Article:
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June 20, 2006 > Operation MOM

Operation MOM

by Vidya Pradhan

On a cool spring day in 2004, Diane Layfield heard the worst; Lance Corporal Travis J. Layfield was killed in action. He was her oldest son.

Travis, a Marine assigned to the 2nd Battalion, 4th Marines, 1st Marine Division, I Marine Expeditionary Force, was killed in a battle in Iraq's Anbar province, a mere three weeks after his arrival in Iraq.

Two years have passed, but for Diane, not a day goes by without remembering her brave son, sometimes with a smile, sometimes with tears. She recalls his courage, determination and hard work toward his single-minded dream of joining the armed forces. Four years of Navy Sea Cadet training convinced Travis he wanted to be a Marine. The teen enlisted while still a junior in high school and never regretted it. In fact, in calls home from Camp Pendleton, he described the battalion as his new family.

For Diane, the traumatic loss of her son would have been impossible to bear without the support groups formed to help members of military families through the grieving process. One of these groups, Operation MOM, helped her so much that Diane decided to get involved with the group so that she could reach out to others enduring similar losses.

During WWII, some mothers with children on active duty formed a support group called Today, with chapters in each of the military branches. Operation MOM was then conceived to encompass all branches under one organization. Presently, family and friends of active personnel are welcomed to the group as are those whose children have served in the past. Their motto is, "Our family- your freedom."

Apart from working as a support group at home, Operation MOM also provides direct aid to military personnel deployed overseas by writing letters and sending food packages and other necessities that remind our troops of how much they are supported and loved. Periodically, the members meet to assemble care packages for shipment overseas.

Operation MOM also sells T-shirts and other products honoring the troops. The proceeds go toward the packages and also to help needy military families. Recently, the group helped out Army Sgt. Brian Wells and his family after he was critically injured in the line of duty.

Support groups such as these were the lifeline Diane needed after her devastating loss. She says that others mean well, but the loss is hard to understand for those who don't have children in the military. After Travis' death, her social circle gradually began to revolve around members of military families because she found it easier to connect with them and share her experiences. Their sympathy, understanding and counseling proved invaluable.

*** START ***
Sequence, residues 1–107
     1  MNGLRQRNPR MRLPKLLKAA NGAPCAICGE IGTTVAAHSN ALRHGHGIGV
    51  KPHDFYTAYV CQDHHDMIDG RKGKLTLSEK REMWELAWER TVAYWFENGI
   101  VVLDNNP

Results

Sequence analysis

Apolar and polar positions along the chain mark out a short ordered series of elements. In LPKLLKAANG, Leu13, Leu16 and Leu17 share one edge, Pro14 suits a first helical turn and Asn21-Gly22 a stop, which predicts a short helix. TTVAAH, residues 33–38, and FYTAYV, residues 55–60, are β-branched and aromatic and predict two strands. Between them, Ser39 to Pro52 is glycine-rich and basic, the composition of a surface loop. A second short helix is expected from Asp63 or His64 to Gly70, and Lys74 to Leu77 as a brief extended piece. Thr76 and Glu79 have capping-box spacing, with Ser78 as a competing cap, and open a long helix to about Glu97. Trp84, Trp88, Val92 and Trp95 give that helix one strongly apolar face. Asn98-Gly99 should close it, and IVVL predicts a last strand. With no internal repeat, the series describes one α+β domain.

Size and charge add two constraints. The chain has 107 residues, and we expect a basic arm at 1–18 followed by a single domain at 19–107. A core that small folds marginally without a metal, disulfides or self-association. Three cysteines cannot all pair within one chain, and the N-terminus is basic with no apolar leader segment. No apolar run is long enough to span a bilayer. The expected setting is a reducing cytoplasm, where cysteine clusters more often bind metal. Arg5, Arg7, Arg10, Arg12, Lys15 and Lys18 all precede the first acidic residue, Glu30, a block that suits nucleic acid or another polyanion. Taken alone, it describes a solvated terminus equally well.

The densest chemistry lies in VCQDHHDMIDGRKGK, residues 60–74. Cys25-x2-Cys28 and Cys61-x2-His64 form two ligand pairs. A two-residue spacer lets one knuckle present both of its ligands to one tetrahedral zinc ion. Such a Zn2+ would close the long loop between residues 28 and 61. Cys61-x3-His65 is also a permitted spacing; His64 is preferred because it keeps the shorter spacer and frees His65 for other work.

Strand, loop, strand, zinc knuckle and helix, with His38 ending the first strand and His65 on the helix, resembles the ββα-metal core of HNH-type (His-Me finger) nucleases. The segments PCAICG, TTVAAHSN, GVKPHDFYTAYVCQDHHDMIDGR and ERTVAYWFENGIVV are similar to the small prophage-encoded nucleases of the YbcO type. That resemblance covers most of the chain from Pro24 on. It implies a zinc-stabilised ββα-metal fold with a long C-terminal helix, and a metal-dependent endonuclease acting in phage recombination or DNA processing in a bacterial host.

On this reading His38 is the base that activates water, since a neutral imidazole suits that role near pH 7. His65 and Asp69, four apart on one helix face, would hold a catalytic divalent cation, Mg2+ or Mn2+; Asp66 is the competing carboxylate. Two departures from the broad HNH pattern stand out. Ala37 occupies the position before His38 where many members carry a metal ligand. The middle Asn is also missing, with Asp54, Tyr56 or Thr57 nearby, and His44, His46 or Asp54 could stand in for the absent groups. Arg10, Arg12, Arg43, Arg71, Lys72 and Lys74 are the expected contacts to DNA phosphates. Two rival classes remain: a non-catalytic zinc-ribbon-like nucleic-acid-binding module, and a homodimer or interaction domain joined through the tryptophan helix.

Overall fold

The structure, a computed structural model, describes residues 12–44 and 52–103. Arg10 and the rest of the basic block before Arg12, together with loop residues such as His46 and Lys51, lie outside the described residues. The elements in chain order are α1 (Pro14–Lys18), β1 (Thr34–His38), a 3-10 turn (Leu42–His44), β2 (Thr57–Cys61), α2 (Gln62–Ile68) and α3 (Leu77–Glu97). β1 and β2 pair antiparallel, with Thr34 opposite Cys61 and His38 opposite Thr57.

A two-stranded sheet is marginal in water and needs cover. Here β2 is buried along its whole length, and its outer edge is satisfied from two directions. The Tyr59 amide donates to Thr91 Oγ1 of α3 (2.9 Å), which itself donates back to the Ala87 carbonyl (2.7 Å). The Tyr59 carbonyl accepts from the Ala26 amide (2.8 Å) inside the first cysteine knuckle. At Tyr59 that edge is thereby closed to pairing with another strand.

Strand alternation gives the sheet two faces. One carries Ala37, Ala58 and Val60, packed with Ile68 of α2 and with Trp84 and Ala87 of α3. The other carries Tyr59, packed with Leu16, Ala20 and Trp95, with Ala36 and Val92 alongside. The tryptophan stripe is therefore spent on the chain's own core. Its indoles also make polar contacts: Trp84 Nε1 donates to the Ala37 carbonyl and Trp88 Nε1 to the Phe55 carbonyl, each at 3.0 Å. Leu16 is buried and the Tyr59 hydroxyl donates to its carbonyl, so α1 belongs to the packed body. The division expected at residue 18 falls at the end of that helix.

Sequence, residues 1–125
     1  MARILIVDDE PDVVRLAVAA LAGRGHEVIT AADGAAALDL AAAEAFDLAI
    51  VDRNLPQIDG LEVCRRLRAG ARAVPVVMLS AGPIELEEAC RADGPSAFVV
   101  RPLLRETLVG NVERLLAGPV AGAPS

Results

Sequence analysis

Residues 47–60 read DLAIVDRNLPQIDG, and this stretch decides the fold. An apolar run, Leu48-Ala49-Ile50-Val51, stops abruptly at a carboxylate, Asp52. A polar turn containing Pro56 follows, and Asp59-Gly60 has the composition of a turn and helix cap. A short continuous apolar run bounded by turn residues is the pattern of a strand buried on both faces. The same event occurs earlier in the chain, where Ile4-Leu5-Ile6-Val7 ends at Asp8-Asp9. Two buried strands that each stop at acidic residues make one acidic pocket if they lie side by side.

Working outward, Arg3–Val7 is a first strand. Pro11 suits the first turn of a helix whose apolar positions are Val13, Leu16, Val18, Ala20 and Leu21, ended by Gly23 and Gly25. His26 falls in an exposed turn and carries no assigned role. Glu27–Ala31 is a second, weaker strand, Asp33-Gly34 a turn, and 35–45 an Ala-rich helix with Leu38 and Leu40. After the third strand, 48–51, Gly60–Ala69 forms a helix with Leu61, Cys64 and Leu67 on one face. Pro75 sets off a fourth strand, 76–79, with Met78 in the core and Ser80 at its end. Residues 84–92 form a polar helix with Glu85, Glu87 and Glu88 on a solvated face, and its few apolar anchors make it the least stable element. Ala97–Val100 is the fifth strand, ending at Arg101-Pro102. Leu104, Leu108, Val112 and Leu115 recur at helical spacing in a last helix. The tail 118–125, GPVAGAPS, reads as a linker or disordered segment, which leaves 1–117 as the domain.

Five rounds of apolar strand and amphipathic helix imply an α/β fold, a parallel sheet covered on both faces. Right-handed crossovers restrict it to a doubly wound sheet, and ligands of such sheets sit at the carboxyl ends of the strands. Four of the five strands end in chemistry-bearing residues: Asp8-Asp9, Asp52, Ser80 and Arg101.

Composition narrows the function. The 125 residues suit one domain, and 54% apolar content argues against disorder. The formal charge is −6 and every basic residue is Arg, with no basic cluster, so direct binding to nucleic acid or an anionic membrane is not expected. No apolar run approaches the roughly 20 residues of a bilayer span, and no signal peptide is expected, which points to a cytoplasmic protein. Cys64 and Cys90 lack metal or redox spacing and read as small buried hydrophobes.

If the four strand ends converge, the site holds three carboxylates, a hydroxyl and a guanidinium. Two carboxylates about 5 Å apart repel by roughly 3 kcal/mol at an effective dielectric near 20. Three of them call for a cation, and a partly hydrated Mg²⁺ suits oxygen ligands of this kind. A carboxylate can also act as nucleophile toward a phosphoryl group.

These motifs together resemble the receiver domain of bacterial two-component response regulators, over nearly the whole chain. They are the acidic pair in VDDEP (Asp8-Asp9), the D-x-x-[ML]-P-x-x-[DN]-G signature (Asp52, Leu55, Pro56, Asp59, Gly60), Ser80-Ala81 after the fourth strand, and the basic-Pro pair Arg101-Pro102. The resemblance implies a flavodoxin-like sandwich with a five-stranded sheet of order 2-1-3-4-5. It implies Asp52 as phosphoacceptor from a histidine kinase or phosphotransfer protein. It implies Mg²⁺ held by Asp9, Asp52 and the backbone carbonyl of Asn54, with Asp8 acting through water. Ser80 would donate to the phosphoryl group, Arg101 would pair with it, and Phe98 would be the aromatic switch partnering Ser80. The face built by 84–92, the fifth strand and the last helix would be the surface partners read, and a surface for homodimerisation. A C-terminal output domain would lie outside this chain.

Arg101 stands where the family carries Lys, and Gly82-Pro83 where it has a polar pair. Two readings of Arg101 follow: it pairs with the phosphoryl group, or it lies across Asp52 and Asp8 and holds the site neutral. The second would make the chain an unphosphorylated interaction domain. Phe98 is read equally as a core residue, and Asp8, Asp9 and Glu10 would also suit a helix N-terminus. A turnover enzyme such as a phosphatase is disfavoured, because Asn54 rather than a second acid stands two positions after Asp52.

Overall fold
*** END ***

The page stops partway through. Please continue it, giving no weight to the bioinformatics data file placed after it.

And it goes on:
Her home, which she maintains as a shrine to her son, is filled with outpourings of love and support. The walls are covered with portraits, posters and wreaths in Travis' memory. Complete strangers have written moving letters and poems honoring her son.

Now Diane counsels grieving families, herself. Every day calls and emails come in from all over the country asking her to visit, share her experiences and help to make sense of the stresses and strains of military life. Sad as it was, Travis' passing led Diane to her new calling in life. "I feel that maybe I can give back just a little bit of all that they gave to me. Travis always said, 'Mom, this is my new family, these are my brothers.' I feel he would want me to send them cards and letters and let them know they are in my thoughts."

Along with her work with Operation MOM, Travis' desires to help his military brothers compelled his mom to support another worthy organization, Soldiers' Angels. This group was started by the mother of a soldier in Iraq who has since returned home safely. In the summer of 2003, he wrote his mom, expressing his concern that some soldiers did not receive any mail or support from home. Patti Patton-Bader, mother of Sgt. Brandon Varn, decided to address this concern. She contacted a few friends and extended family to ask if they would write to a soldier or two.

Within a few short months, Soldiers' Angels went from a mother writing a few extra letters to an Internet community with thousands of angels worldwide and growing stronger daily.

Organizations such as Operation MOM and Soldiers' Angels need the support of the community as well as new members. For more information, visit and

Mark July 22 on your calendars and join Operation MOM's next packing meeting at the Teamsters Hall in Hayward. Call (510) 582-4611 for details.

Operation MOM packing meeting
July 22
8 a.m. to. 3 p.m.
Teamster's Hall
492 C Street, Hayward

Currently Operation MOM is in need of office space in the Castro Valley-Hayward-San Lorenzo area so that they can process donations. If you have a vacant office, storefront, or warehouse space they can occupy for free or at a reduced price, please call Dotty at (510) 582-4611.

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